David Francis is a hands-on mason who has specialised for many years on the memorial side of the stone industry. He was Technical Advisor to the National Association of Memorial Masons, writing manuals and City & Guilds qualifications. If you have an issue regarding any aspect of memorial masonry that you would like help with, David is here for you. Send your queries and comments to David on [email protected]
Before I begin this column with a look at BS 8415:2012, the standard for Monuments within burial grounds and memorial sites, let me briefly introduce myself.
I have an HNC in Building Construction and for many years ran a company in London that specialised in all types of marble work, memorials, lettering, restoration of stonework, and moving and cleaning sculptures.
The business had a restoration and cleaning contract for statuary in the Royal Parks and Brompton Cemetery.
I left London in the 1990s and for several years was Technical Advisor to the National Association of Memorial Masons (NAMM), when I wrote manuals and City & Guilds qualifications.
I have now left NAMM, but would like to continue to help masons in the sector in any way I can. If you have an issue you think I could help with, please outline it on an email to [email protected] and I will provide whatever assistance or insight I can. In the coming issues I will be looking at fixing memorials, the removal and reinstatement of memorials for additional inscriptions and the nature of some of the stones used for memorials.
But to begin with, BS 8415:2012, the standard that should be the rock on which the memorial masonry industry stands.
The original standard was published in 2005 and it soon became evident it had a number of anomalies. NAMM pressed BSI for an early reassessment and some corrections were made.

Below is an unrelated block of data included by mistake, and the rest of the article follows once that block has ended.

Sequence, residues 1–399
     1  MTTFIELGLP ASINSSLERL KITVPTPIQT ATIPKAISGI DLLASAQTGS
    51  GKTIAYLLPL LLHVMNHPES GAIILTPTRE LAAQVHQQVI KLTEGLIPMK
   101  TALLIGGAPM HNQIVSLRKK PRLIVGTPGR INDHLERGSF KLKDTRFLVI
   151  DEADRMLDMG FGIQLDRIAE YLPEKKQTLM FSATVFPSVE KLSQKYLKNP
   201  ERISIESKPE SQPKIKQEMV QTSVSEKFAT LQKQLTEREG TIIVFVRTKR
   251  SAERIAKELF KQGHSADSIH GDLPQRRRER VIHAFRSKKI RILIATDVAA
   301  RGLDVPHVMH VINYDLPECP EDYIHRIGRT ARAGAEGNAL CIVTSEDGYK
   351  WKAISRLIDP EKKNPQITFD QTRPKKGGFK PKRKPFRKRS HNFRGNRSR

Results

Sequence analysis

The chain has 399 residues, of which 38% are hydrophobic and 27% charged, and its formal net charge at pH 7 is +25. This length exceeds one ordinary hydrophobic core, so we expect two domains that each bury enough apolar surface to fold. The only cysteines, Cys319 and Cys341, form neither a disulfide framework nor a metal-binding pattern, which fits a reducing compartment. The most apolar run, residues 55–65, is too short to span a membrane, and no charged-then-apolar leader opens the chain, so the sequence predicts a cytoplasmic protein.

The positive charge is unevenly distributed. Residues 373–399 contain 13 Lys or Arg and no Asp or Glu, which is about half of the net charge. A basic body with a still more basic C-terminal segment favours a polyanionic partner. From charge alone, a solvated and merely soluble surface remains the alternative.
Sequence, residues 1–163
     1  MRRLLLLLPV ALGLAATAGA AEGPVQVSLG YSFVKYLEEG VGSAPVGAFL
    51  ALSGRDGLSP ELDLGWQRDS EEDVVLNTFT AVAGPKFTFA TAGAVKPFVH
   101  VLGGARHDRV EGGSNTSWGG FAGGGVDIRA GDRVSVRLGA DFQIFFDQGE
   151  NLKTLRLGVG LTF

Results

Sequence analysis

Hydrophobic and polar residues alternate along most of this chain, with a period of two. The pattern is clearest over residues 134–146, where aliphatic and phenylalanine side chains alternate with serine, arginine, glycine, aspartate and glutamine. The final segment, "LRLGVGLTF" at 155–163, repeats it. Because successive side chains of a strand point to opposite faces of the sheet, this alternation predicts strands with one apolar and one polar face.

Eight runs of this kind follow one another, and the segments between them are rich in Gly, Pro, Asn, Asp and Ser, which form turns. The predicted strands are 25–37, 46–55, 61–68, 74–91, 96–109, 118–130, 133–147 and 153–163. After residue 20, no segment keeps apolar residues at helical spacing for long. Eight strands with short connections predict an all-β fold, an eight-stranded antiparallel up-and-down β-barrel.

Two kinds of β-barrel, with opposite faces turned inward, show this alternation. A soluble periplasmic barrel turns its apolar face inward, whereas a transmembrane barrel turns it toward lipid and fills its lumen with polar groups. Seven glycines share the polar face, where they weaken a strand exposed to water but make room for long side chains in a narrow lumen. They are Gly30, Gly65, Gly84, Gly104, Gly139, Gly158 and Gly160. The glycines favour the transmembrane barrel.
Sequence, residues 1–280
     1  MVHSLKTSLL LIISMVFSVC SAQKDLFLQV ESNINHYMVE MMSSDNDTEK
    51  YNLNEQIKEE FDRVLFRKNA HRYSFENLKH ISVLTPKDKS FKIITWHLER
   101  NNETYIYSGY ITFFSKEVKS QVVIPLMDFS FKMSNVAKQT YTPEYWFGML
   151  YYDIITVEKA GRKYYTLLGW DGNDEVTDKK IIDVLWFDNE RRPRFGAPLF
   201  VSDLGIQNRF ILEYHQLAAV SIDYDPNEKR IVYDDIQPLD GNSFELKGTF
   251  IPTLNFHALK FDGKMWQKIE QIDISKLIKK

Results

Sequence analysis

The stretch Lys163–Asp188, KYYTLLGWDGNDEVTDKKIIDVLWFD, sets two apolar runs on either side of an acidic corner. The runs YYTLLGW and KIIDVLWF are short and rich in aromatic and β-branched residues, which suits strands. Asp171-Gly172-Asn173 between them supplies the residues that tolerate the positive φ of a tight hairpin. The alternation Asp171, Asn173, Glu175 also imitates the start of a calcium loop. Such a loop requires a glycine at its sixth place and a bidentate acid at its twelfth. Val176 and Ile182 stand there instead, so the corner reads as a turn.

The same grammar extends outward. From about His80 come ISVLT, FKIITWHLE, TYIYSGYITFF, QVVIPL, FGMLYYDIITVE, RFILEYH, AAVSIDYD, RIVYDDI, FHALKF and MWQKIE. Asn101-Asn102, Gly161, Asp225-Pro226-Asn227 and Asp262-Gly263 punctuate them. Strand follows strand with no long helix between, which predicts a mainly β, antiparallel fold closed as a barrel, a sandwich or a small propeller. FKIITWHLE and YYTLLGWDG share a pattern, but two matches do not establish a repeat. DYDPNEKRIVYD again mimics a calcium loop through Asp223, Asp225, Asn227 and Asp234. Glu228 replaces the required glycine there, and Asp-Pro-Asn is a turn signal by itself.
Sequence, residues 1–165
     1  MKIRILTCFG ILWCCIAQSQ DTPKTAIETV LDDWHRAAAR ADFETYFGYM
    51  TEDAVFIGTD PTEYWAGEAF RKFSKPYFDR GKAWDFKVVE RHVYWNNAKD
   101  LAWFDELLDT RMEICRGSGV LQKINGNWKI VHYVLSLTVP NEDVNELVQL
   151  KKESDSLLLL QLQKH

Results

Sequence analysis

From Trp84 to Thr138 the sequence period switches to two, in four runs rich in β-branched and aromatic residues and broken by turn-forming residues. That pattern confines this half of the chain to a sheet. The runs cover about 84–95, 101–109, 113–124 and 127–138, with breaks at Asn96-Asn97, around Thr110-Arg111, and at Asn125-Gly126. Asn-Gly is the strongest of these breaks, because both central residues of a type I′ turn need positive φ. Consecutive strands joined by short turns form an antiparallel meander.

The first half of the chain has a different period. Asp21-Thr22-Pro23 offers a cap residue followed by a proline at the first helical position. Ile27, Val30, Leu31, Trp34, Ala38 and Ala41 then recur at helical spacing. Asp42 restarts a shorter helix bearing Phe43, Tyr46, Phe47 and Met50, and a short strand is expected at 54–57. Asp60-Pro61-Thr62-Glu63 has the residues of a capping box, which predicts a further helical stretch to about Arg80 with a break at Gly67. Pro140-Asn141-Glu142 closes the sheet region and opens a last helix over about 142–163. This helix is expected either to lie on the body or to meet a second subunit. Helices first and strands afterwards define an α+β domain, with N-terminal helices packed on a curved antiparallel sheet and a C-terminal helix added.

The main body of the amended Standard was published in 2009. Two Annexes were sent to a sub-committee for further consideration. They covered risk assessment testing procedures of existing memorials and testing ground support systems (normally ground anchors).
The most significant change in the risk assessment was to reduce the pressure that should be applied to test the stability of memorials from 35kg to 25kg.
The standard stated that the regular or repeated use of mechanical testing instruments (topple testers) as inspection tools is not advisable and that the routine staking of memorials is not recommended.
The testing of ground anchors was up-dated to give manufacturers criteria to work towards.
So what else has been changed?
Some of the definitions have been corrected and a few added.
Allowance is written in for new fixing materials and the height of small memorials is standardised at a maximum of 625mm.
The diameters of doweling are now designated as nominal, allowing for smooth and threaded rod.
The standard only applies to memorials under 4tonnes, but it does apply to memorials erected outside of cemeteries as well as to those within them.
For most masons, the way to achieve the British Standard is to follow the guidelines set out in the NAMM Code of Working Practice 2010 (www.namm.org.uk).